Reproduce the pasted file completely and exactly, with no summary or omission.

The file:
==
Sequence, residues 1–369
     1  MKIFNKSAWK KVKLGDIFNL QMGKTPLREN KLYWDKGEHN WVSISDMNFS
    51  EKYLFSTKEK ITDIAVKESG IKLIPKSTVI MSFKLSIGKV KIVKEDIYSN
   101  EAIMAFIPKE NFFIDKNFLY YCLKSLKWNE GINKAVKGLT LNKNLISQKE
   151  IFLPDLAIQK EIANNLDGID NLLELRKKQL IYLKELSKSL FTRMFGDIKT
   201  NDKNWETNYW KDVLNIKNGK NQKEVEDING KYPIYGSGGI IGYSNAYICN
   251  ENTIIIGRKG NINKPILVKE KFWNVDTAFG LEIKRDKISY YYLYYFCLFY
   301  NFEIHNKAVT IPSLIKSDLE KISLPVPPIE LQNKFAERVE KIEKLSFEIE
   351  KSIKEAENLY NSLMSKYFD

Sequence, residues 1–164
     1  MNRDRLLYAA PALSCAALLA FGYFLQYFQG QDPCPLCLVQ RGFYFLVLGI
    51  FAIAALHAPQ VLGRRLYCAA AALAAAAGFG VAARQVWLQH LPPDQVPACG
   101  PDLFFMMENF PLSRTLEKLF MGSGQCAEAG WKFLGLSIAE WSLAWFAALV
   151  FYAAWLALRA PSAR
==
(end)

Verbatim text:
Sequence, residues 1–369
     1  MKIFNKSAWK KVKLGDIFNL QMGKTPLREN KLYWDKGEHN WVSISDMNFS
    51  EKYLFSTKEK ITDIAVKESG IKLIPKSTVI MSFKLSIGKV KIVKEDIYSN
   101  EAIMAFIPKE NFFIDKNFLY YCLKSLKWNE GINKAVKGLT LNKNLISQKE
   151  IFLPDLAIQK EIANNLDGID NLLELRKKQL IYLKELSKSL FTRMFGDIKT
   201  NDKNWETNYW KDVLNIKNGK NQKEVEDING KYPIYGSGGI IGYSNAYICN
   251  ENTIIIGRKG NINKPILVKE KFWNVDTAFG LEIKRDKISY YYLYYFCLFY
   301  NFEIHNKAVT IPSLIKSDLE KISLPVPPIE LQNKFAERVE KIEKLSFEIE
   351  KSIKEAENLY NSLMSKYFD

Sequence, residues 1–164
     1  MNRDRLLYAA PALSCAALLA FGYFLQYFQG QDPCPLCLVQ RGFYFLVLGI
    51  FAIAALHAPQ VLGRRLYCAA AALAAAAGFG VAARQVWLQH LPPDQVPACG
   101  PDLFFMMENF PLSRTLEKLF MGSGQCAEAG WKFLGLSIAE WSLAWFAALV
   151  FYAAWLALRA PSAR